The Chicago aerospace giant has said it would venture into the aftermarket -- the maintenance, repair and overhaul segment of the aviation business that is the bread and butter of the supplier community. This summer, Boeing also said it would create an internal avionics unit to develop electronics.
In a sharply worded statement, Boeing said it intended to take a “hard look” at the proposed acquisition.
“Our interests and those of our customers, employees, other suppliers and shareholders are in ensuring the long-term health and competitiveness of the aerospace industry supply chain,” the company said. “Should we determine that this deal is inconsistent with those interests, we would intend to exercise our contractual rights and pursue the appropriate regulatory options to protect our interests.”
Boeing’s statement noted that both companies were “significant” suppliers to Boeing and other aircraft manufacturers.
“At a time of record industry production, their first priority should be delivering on existing cost, schedule and quality commitments for their customers and ours,” Boeing said.
The combined unit could use its size and heft to exert pricing pressure on Southern California suppliers, said Jim Adams, an industry advisor to the Southern California Aerospace Council and a partner at PricewaterhouseCoopers who leads the aerospace and defense strategy practice.
While the number of aerospace jobs in Southern California has declined from its last peak in the late 1980s, the industry still has a significant presence in the region, particularly in research, design and engineering, said Robert Kleinhenz, economist at Beacon Economics and the UC Riverside School of Business. The region’s supply base is diverse, with work in sectors such as satellites, launch vehicles and drones, as well as commercial aerospace, Adams said.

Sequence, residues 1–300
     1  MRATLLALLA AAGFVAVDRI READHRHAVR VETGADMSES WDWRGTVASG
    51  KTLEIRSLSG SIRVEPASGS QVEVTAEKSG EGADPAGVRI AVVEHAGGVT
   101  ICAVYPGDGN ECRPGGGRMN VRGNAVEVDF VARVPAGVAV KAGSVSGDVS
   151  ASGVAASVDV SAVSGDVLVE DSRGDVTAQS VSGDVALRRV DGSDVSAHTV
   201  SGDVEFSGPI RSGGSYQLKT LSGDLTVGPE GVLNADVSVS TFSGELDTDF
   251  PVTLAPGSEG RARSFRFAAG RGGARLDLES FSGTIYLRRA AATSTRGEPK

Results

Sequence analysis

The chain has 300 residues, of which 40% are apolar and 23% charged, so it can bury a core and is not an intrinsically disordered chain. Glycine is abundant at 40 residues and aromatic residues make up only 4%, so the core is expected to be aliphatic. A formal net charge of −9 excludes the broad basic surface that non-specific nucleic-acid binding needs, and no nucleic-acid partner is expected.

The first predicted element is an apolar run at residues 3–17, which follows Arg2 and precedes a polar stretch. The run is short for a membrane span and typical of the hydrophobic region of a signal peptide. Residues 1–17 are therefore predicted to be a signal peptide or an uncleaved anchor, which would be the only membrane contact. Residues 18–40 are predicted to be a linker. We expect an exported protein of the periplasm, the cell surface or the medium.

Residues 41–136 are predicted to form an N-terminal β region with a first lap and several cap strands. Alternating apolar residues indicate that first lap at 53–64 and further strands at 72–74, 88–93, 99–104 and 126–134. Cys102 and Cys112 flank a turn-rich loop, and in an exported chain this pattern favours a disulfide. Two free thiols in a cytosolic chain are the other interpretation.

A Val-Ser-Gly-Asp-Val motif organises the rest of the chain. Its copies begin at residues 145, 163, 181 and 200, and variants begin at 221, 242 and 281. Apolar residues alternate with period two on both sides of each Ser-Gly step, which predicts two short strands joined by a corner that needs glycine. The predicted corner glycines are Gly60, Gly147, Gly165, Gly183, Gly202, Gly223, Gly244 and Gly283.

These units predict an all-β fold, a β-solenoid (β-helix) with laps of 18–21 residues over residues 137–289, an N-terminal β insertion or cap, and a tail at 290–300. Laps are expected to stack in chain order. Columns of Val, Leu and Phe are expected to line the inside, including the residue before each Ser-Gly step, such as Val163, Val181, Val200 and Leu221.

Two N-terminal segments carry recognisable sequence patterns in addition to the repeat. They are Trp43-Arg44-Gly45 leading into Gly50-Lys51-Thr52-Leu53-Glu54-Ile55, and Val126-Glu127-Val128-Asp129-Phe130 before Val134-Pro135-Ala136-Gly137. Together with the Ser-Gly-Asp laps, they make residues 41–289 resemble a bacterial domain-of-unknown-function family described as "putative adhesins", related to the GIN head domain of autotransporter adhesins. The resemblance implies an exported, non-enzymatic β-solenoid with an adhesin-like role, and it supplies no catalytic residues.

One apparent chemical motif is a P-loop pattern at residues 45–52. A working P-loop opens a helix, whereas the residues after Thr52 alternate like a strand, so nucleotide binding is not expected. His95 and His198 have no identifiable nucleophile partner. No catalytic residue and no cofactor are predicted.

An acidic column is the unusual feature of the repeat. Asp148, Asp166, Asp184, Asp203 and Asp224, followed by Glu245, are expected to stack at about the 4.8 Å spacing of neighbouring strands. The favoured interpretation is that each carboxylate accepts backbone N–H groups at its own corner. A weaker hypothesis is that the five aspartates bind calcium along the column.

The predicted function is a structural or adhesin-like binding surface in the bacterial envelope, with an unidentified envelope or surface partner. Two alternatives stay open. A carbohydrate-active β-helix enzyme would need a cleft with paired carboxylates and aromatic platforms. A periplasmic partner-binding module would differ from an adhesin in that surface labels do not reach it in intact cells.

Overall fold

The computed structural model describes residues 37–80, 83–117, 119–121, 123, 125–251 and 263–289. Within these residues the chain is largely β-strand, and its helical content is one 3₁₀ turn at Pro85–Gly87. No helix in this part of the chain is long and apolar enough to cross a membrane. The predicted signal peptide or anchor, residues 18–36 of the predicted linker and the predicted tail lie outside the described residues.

The two companies have said the deal would generate cost savings of at least $500 million by the fourth year, a figure that would come, in part, from procurement synergies.
UTC Chief Executive Gregory Hayes noted in a Tuesday morning call with analysts that the commercial aerospace sector has long-term growth potential, and that both airlines and aircraft manufacturers are looking for “innovative solutions and services” as well as cost reduction.
“The combination of Collins with our Aerospace Systems business gives us the scale to both innovate and reduce cost to meet the needs of those customers,” Hayes said. “It gives us scale to do things that we couldn’t do on our own.”
The deal, which is subject to approval by Rockwell Collins shareholders and regulatory approvals, is expected to close by the third quarter of 2018.
Sept. 6, 8 a.m.: This article was updated to include a comment from a UTC spokesman on the deal’s effect on U.S. jobs.
Sept. 5, 6:10 p.m.: This article has been updated throughout with staff reports.
Sept. 5, 7 a.m.: This article was updated with the number of Californians employed by each company.
This article was originally published Sept. 5 at 4:45 a.m.